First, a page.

Starting The Conversation On Sexual Assault

Ellen Muggorsky | Guest Contributor

When I was sexually assaulted, I was not asking for it. When I was sexually assaulted for the first, second and third time, I was not asking for it.

I would like to share this personal account with you, not to scare you or to shock you, but in an honest attempt to dispel stereotypes. I wish not to instill fear but bring thoughtful perspective to a thoughtless crime. I would like to emphasize the word crime. See, despite the fact that 1 in 3 women are sexually assaulted, some still lack the understanding of a few basic constructs so let me lay this down to you.

According to the criminal code of Canada, consent is the voluntary agreement to engage in sexual activity. Consent should be a voluntary, sober, enthusiastic, informed, mutual, honest and verbal agreement. However, even if an individual is of sound mind and body and are able to consent, does not mean that they do consent. If someone says or does something that shows they are not consenting to an activity or incapable of being able to consent, it is not consent. Also, there are other ways to show you are not consenting other than screaming no at the person. It is common for a victim to freeze under the traumatic circumstances; this is not consent. If you do not get consent, it can be sexual assault. Sexual assault is defined as sexual contact with another person without the other person’s consent. Sexual assault includes rape, forcible sodomy, forcible object penetration, unwanted sexual touching, or any unwanted or coerced sexual contact.

Furthermore, according to the Supreme Court of Canada, sexual assault is also dependant on both the areas of contact and the sexual nature of the act. If it violates the sexual integrity of an individual, it can be classified as sexual assault. It also depends on the satiation in situation in which the contact occurred, the words and gestures accompanying the act as well as the circumstances and if threats were present.

All of the concepts discussed above are often lost within society. The true and legal definitions and the ideas that encompass the sexual rights of every individual are not talked about. Or misunderstood. Or misinterpreted. As a person, you are entitled to make your own sexual decisions and stop any sexual activity at any time; whether during or before. It is also your right to be able to tell anyone that you are not comfortable with the way they hug or kiss you. To ask a partner if they have been tested for STI’s. To sexual privacy, equality, emotional sexual expression and pleasure.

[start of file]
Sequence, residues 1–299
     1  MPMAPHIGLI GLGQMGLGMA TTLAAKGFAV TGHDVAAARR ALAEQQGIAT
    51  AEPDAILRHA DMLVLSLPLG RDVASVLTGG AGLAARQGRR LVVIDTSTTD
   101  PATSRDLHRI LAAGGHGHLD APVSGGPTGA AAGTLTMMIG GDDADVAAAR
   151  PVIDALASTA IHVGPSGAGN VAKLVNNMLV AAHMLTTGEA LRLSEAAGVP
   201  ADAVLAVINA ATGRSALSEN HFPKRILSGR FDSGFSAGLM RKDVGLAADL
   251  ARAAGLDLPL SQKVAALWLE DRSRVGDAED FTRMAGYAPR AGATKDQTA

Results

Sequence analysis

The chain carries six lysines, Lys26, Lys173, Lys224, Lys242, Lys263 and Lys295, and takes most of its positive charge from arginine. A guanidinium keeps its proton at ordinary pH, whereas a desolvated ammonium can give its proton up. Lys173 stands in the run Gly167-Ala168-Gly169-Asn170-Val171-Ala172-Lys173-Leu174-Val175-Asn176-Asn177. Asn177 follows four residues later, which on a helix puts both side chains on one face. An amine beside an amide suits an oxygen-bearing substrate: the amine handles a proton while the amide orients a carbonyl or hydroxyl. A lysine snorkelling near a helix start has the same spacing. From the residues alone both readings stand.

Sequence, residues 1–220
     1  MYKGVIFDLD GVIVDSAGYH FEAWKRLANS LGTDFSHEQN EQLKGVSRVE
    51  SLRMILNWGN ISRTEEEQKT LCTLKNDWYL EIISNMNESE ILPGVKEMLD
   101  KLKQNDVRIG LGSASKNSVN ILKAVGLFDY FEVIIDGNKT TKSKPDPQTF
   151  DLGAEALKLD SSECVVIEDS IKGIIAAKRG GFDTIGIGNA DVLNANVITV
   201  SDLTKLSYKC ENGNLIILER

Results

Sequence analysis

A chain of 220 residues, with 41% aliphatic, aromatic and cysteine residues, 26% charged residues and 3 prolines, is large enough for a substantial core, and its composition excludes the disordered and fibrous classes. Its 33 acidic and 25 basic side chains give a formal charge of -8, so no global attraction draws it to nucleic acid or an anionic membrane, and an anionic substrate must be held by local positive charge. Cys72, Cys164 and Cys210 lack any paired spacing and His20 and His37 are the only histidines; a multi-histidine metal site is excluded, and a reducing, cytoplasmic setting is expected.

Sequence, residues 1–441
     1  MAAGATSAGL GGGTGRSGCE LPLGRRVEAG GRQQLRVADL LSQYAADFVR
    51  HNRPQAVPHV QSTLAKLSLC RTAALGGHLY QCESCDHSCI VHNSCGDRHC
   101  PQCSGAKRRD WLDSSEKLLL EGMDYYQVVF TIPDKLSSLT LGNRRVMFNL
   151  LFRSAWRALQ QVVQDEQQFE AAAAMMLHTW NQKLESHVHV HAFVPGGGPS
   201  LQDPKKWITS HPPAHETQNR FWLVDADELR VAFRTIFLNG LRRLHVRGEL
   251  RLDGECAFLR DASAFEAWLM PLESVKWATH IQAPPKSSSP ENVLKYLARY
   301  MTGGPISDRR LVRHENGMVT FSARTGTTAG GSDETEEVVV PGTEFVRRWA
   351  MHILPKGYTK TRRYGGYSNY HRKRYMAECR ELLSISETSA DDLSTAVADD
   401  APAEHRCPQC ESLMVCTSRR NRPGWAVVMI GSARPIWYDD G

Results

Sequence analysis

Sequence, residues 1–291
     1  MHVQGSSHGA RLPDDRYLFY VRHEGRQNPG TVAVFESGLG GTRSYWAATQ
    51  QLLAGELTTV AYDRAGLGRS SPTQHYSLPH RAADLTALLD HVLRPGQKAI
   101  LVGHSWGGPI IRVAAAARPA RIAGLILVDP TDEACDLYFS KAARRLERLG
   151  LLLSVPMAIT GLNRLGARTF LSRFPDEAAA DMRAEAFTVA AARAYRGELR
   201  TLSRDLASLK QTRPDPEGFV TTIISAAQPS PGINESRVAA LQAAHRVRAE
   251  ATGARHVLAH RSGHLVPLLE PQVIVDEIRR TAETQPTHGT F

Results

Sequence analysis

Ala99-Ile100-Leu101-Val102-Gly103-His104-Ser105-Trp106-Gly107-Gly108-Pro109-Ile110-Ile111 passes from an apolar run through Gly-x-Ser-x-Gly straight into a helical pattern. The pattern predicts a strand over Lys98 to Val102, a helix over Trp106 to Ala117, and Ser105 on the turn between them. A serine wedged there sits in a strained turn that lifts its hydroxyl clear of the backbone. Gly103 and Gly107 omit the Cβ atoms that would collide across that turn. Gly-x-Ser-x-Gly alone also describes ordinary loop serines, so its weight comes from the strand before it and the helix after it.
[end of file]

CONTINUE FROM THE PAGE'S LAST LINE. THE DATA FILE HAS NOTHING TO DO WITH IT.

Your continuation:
For me, it took me years to realize that the first time I was sexually assaulted actually counted as a crime because I didn’t know my rights or understand what consent was. Not because I didn’t believe in it, but because no one ever explained what it was to me. All I knew at the time was the incident made me feel confused and upset. I slid those feelings under the rug.

Our society has slid the sexual assault epidemic under the rug, and I’d like to challenge that.

I would like to start the conversation and more importantly the education of this true travesty created and attempt to educate sexual beings or any beings at all in a community which so thoroughly encourages knowledge and a comprehensive understanding of the world around us.

When you are a victim of a crime, it is normally an abnormal event. When you get upset, confused, angry or ashamed of the incidence, you reacting to an abnormal event. It is normal. That’s why it’s called trauma.

I think one of the biggest problems after enduring the assault was the feelings that came. I went through them all. I was as textbook as they come in terms of a situation that isn’t textbook at all. I thought that I was being dramatic. That it was my fault and that I should be ashamed. Do you know who should be ashamed? The perpetrator, because no matter what, the only person that is at fault is them. Shame on them for not treating a human being with the kindness or respect they deserved. Shame on them for being cruel, and violating the sacred temple of the human body.